Muslim scientists and scholars will be discussing Islam and life in space during a two-day conference which opens in Malaysia today.
The meeting aims to answer some of the questions faced by would-be Muslim astronauts about how to meet the requirements of their faith while in orbit.
Malaysia is due to send an astronaut into space with the Russians next year and it is almost certain that the country's first spaceman will be a Muslim.
That raises plenty of questions.
For instance, water is a precious commodity in space and Muslims must wash before they pray.
Likewise, the faithful face Mecca while at prayer but that will involve trying to pinpoint a moving target while in zero gravity.
Prayer times for Muslims are linked to the times of the sunrise and sunset, but in orbit the sun appears to rise and set more than 12 times a day.
Malaysia's Science Ministry has called together a group of experts to thrash out all these and more in what has been billed as the first serious discussion of the issues.
There's more to it than just recycling and prayer in orbit. What about a trip to mars, when the sun is visible for the entire trip? Or the moon, with a month-long "day"? And what exactly are the status of prohibitions when they apply to "any place on earth"? At one time it was suggested than wealthy Muslims might be a market for orbiting pleasure palaces, where drinking and gambling could take place without violating the letter of the law. (The orbitals turned out to be unnecessary--the wealthy ignored the rules in London and Monte Carlo, while pretending to be nothing but pious at home.)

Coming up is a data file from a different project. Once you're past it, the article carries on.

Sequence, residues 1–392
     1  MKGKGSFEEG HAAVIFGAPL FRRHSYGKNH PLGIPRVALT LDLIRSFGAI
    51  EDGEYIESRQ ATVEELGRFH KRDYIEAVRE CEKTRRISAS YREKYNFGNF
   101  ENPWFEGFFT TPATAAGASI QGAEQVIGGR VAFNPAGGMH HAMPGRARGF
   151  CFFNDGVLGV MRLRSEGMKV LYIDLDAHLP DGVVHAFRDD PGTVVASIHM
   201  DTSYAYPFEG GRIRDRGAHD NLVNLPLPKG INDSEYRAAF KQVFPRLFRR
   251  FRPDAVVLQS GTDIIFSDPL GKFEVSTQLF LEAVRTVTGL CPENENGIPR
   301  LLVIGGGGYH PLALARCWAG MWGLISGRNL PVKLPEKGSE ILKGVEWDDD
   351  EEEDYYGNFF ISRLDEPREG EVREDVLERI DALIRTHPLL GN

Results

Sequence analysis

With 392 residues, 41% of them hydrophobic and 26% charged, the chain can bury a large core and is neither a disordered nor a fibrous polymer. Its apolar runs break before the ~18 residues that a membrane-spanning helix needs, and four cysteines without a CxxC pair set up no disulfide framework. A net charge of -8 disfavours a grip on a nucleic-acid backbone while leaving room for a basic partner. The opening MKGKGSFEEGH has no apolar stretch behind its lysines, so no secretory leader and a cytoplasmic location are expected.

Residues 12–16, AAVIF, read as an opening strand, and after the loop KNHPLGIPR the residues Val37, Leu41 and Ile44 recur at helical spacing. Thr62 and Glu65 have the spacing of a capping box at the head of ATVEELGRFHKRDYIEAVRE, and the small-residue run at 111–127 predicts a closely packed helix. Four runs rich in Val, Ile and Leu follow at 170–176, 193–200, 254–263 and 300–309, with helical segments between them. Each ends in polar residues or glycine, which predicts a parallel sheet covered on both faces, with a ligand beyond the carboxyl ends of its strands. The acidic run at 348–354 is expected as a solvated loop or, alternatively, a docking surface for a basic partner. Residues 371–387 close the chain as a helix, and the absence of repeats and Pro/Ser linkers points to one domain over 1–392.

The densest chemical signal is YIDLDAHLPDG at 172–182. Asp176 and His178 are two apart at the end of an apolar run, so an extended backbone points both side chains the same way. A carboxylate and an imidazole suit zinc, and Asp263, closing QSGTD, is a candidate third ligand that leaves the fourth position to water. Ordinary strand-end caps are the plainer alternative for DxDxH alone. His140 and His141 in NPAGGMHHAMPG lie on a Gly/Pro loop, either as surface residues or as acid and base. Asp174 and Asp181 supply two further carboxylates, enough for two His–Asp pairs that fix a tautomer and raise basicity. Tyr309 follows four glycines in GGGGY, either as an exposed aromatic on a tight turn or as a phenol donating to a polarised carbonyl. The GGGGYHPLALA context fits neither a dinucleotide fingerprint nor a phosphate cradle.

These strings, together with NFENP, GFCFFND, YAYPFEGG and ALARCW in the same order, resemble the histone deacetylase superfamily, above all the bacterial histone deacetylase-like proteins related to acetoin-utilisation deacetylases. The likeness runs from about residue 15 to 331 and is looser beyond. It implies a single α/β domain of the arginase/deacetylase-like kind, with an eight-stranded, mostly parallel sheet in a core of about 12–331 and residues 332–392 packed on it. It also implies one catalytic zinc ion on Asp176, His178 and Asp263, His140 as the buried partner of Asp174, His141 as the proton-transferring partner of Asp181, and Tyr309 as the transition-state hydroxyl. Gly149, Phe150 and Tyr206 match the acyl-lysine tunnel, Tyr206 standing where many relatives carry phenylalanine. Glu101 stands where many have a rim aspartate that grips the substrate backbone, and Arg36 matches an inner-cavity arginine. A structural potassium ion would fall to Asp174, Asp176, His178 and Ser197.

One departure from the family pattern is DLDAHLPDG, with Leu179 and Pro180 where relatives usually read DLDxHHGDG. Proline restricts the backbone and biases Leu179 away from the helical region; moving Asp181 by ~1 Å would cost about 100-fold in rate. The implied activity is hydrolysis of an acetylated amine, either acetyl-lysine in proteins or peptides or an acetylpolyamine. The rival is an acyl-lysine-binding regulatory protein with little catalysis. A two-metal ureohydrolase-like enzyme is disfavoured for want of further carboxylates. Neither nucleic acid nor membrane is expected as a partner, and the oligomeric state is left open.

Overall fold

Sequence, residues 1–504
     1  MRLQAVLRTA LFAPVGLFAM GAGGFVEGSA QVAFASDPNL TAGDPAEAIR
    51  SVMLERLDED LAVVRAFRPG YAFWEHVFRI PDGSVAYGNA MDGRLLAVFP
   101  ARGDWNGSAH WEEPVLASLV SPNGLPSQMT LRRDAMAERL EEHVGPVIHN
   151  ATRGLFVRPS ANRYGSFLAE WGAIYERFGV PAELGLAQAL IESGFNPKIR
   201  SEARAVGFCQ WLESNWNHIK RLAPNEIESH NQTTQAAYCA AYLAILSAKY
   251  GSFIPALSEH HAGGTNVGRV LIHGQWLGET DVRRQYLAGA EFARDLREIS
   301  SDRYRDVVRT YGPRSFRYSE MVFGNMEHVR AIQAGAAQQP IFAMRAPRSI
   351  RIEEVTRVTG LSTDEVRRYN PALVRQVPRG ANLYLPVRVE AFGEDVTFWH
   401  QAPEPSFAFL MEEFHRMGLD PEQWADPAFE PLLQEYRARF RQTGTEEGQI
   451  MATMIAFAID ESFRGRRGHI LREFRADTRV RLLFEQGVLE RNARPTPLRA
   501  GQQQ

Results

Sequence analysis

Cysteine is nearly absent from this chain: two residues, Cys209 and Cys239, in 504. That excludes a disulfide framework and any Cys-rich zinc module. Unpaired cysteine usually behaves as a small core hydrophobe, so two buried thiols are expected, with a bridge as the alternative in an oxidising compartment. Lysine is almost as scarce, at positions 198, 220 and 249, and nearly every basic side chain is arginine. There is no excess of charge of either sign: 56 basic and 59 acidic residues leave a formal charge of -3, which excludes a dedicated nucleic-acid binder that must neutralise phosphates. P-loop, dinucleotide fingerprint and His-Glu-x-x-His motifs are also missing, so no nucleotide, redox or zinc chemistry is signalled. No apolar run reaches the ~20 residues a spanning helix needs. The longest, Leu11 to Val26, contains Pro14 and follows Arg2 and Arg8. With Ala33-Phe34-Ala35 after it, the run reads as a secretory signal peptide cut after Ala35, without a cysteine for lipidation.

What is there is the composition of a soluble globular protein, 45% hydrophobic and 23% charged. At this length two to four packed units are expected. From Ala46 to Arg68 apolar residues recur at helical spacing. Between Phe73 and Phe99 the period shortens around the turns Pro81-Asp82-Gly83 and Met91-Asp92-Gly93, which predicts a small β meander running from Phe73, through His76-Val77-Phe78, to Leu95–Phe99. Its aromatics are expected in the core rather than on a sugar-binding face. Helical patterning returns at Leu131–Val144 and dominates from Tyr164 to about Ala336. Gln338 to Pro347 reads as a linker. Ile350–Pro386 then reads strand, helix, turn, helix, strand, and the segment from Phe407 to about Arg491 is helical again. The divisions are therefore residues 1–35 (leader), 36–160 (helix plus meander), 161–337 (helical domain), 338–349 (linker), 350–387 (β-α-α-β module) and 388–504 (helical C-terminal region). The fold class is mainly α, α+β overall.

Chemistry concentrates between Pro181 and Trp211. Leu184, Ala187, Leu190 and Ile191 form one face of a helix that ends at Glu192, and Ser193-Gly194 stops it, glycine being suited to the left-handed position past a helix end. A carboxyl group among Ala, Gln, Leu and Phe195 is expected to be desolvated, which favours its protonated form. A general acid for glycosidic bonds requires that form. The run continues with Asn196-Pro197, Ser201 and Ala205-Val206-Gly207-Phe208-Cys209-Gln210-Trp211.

This isn't only a problem for Islam, of course. Most of the fundamental religious texts assume the earth is unmoving and at the center of the universe. The catholic church, to its credit, is at least thinking about the theological implications of life (especially non-human intelligence) on other worlds, and it has the advantage of having a single decision maker to announce official changes in theological interpretation. But Islam doesn't have a Pope. It's still at a point similar to the Christian diets and convocations to determine which books belong in the Bible, or if Jesus was in fact divine. People died over those issues, like they do in the ongoing Islamic "civil war," but eventually things worked out. Today, however, there is one important difference--none of the early Christians had weapons of mass destruction.